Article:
Activation of Protease-Activated Receptor-2 Leads to Inhibition of Osteoclast Differentiation


  • Parts of this work were presented at the Annual Scientific Meeting of the Australian and New Zealand Bone and Mineral Society, Coolum, Australia, June 10–13, 2003, and the 30th European Symposium on Calcified Tissues, Rome, Italy, May 8-12, 2003.

    The authors have no conflict of interest.


PAR-2 is expressed by osteoblasts and activated by proteases present during inflammation. PAR-2 activation inhibited osteoclast differentiation induced by hormones and cytokines in mouse bone marrow cultures and may protect bone from uncontrolled resorption.

Introduction: Protease-activated receptor-2 (PAR-2), which is expressed by osteoblasts, is activated specifically by a small number of proteases, including mast cell tryptase and factor Xa. PAR-2 is also activated by a peptide (RAP) that corresponds to the “tethered ligand” created by cleavage of the receptor's extracellular domain. The effect of activating PAR-2 on osteoclast differentiation was investigated.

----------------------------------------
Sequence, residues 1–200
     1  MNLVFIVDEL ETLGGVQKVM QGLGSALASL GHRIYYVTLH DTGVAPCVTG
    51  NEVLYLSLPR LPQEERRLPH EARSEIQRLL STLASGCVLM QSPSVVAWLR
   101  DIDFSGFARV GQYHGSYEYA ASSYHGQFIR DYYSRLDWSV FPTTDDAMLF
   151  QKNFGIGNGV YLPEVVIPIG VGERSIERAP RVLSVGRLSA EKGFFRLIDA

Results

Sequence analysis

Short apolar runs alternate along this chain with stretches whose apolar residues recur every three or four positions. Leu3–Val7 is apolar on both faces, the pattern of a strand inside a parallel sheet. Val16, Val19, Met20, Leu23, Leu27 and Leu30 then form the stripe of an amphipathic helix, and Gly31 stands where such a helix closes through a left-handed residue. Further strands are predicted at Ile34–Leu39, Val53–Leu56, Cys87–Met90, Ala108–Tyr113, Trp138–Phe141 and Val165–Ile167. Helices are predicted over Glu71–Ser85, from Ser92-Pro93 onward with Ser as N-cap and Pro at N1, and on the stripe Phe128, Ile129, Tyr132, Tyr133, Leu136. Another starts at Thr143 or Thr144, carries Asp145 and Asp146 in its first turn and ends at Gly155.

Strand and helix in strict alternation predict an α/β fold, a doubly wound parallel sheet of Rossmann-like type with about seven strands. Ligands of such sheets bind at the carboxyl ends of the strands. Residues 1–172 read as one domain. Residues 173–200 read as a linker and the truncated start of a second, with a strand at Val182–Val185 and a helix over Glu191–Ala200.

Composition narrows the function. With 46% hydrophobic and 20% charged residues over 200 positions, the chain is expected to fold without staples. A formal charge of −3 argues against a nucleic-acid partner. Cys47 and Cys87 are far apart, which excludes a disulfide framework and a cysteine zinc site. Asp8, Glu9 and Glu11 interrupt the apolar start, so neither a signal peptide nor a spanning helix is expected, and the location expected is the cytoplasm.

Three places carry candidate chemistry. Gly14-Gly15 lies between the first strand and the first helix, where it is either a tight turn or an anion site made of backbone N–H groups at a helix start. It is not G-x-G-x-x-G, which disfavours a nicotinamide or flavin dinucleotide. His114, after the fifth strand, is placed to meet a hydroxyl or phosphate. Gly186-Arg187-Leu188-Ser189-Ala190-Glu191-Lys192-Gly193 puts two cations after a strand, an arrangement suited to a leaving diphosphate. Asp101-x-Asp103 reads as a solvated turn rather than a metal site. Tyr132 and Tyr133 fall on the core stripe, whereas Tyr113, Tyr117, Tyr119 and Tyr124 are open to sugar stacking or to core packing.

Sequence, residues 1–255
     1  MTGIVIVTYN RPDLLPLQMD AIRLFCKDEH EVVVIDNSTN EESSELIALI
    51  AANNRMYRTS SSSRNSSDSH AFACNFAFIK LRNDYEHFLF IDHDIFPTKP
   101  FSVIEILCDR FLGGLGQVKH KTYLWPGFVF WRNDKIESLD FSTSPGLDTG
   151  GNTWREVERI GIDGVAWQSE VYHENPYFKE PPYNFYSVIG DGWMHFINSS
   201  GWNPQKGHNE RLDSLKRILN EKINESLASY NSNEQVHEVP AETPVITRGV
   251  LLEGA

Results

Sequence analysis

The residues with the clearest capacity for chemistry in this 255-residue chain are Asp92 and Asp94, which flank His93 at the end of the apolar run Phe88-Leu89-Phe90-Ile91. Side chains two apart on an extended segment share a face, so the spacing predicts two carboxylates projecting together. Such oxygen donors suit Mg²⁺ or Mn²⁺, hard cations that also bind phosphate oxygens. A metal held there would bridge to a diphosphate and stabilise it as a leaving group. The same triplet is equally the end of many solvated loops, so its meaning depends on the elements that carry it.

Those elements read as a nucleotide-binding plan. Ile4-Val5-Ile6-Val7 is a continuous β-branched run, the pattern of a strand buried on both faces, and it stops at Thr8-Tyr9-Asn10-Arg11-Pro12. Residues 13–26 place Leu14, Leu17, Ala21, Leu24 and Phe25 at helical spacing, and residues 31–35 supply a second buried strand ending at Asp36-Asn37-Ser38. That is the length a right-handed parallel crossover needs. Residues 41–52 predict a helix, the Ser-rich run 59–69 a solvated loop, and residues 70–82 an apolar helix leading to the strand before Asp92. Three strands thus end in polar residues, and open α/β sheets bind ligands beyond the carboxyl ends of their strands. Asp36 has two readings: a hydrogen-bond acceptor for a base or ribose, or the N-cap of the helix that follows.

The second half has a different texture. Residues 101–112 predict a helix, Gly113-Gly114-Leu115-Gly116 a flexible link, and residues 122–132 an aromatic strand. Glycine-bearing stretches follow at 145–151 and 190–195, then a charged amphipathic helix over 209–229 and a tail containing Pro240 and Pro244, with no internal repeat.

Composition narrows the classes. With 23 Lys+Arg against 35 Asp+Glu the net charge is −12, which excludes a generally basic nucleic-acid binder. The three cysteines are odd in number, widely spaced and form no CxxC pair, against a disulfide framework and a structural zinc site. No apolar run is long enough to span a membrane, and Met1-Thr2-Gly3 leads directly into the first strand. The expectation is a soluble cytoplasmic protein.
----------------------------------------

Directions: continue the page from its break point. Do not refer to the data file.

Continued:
Materials and Methods: Mouse bone marrow cultures have been used to investigate the effect of PAR-2 activation on osteoclast differentiation induced by parathyroid hormone (PTH), 1,25 dihydroxyvitamin D3 [1,25(OH)2D3], and interleukin-11 (IL-11). Expression of PAR-2 by mouse bone marrow, mouse bone marrow stromal cell-enriched cultures, and the RAW264.7 osteoclastogenic cell line was demonstrated by RT-PCR.

Results: RAP was shown to inhibit osteoclast differentiation induced by PTH, 1,25(OH)2D3, or IL-11. Semiquantitative RT-PCR was used to investigate expression of mediators of osteoclast differentiation induced by PTH, 1,25(OH)2D3, or IL-11 in mouse bone marrow cultures and primary calvarial osteoblast cultures treated simultaneously with RAP. In bone marrow and osteoblast cultures treated with PTH, 1,25(OH)2D3, or IL-11, RAP inhibited expression of RANKL and significantly suppressed the ratio of RANKL:osteoprotegerin expression. Activation of PAR-2 led to reduced expression of prostaglandin G/H synthase-2 in bone marrow cultures treated with PTH, 1,25(OH)2D3, or IL-11. RAP inhibited PTH- or 1,25(OH)2D3-induced expression of IL-6 in bone marrow cultures. RAP had no effect on osteoclast differentiation in RANKL-treated RAW264.7 cells.

Conclusion: These observations indicate that PAR-2 activation inhibits osteoclast differentiation by acting on cells of the osteoblast lineage to modulate multiple mediators of the effects of PTH, 1,25(OH)2D3, and IL-11. Therefore, the role of PAR-2 in bone may be to protect it from uncontrolled resorption by limiting levels of osteoclast differentiation.